This is the third time in a year....
Access to WhatsApp was temporarily suspended in Brazil following a ruling from a judge who said the company failed to hand over information requested as part of a criminal investigation.
This suspension lasted for a number of hours and impacted millions of users. A Supreme Court judge later lifted the nationwide blockage, saying it was disproportionate. WhatsApp state they do not have access to the details required by the criminal investigation.
This is not the first time such a suspension of service has taken place in the country. The most recent instance was back in May, when 100 million people were forced to use alternative services.
A Whatsapp spokesperson had said: "As we've said in the past we cannot share information we don't have access to. Indiscriminate steps like these threaten people's ability to communicate, to run their businesses, and to live their lives.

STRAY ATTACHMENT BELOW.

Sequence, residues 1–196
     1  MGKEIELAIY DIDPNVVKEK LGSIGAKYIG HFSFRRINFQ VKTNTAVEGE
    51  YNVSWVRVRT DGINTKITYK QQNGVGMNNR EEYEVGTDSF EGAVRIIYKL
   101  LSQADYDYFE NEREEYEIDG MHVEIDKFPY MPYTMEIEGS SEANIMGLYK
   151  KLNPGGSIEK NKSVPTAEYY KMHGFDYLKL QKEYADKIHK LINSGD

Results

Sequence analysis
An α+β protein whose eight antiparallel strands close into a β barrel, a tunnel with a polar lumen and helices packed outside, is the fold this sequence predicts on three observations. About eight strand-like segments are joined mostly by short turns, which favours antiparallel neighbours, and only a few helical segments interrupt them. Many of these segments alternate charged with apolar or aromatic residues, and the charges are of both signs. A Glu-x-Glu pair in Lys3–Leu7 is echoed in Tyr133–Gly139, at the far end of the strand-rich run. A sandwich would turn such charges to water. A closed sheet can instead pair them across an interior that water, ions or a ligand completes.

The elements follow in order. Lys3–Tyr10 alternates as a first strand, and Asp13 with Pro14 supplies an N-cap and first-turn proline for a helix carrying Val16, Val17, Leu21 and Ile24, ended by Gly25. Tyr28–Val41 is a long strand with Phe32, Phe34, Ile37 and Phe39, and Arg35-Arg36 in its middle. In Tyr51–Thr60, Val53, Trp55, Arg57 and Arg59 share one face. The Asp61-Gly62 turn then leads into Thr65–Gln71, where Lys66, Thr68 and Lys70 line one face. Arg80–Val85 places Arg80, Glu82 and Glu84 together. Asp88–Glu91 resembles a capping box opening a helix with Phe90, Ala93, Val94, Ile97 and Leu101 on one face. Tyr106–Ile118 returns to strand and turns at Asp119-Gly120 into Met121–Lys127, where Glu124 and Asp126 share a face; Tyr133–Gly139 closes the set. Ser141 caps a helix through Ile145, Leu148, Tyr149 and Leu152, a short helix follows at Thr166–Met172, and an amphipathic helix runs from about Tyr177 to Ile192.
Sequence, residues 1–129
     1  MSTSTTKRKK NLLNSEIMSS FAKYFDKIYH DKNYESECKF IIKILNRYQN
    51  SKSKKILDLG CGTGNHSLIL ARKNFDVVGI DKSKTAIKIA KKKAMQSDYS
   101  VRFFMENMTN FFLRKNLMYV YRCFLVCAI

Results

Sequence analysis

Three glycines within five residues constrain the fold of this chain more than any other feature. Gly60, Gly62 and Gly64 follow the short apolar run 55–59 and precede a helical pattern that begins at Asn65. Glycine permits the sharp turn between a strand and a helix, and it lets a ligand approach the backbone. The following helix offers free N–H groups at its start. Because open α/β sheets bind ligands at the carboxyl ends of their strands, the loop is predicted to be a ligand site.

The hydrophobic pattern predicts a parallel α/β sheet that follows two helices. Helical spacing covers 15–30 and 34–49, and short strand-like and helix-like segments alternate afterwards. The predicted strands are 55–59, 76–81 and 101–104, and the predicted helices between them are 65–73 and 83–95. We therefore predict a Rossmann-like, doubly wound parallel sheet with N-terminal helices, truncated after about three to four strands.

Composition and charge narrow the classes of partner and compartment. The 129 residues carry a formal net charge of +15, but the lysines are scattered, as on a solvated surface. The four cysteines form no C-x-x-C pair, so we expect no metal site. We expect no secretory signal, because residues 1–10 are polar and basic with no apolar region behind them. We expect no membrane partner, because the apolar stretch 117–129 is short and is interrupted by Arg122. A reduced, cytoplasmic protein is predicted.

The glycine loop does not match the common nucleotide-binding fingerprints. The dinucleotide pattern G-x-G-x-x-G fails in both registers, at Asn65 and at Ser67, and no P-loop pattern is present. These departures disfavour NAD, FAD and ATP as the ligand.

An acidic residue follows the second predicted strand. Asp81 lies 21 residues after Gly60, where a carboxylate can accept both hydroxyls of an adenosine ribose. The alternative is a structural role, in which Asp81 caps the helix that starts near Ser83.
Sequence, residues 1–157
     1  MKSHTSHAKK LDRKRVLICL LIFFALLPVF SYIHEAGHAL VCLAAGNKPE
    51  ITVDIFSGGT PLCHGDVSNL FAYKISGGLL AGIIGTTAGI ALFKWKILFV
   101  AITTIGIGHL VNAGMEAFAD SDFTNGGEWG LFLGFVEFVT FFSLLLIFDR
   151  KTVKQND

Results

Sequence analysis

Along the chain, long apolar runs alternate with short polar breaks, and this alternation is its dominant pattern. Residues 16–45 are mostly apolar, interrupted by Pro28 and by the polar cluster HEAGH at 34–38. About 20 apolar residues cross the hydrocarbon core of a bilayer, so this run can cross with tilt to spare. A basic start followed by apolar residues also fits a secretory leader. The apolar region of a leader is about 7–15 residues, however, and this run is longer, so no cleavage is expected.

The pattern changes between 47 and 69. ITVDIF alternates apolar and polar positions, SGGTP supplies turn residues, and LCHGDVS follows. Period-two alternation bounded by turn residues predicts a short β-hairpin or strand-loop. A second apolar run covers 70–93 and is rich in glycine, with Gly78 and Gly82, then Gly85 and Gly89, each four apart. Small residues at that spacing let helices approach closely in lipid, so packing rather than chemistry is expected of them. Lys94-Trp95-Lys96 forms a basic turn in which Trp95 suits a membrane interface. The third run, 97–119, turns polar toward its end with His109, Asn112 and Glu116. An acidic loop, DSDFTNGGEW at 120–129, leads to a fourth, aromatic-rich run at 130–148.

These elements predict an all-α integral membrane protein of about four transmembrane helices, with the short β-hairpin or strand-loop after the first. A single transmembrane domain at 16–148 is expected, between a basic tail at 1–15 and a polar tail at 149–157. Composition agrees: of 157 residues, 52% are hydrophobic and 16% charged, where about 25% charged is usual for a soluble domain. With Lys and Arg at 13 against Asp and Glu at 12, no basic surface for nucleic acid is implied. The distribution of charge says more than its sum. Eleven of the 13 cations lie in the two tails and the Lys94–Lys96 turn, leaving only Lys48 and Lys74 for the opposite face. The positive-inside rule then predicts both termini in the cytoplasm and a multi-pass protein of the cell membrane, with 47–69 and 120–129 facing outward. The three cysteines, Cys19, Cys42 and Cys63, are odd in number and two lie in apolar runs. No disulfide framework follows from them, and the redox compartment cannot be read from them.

While this case isn't quite on the scale of FBI vs Apple, there are similarities between the two as it once again raises the issue of how tech firms and judicial systems should collaborate during criminal investigations.
The topic caused serious debate earlier in the year, with many commentators saying it was a no-win situation for anyone involved. If the tech companies are seen to be working with law enforcement bodies, users may not trust them in the future. If, however, the tech companies refuse to help, they can be deemed to obstruct the course of justice.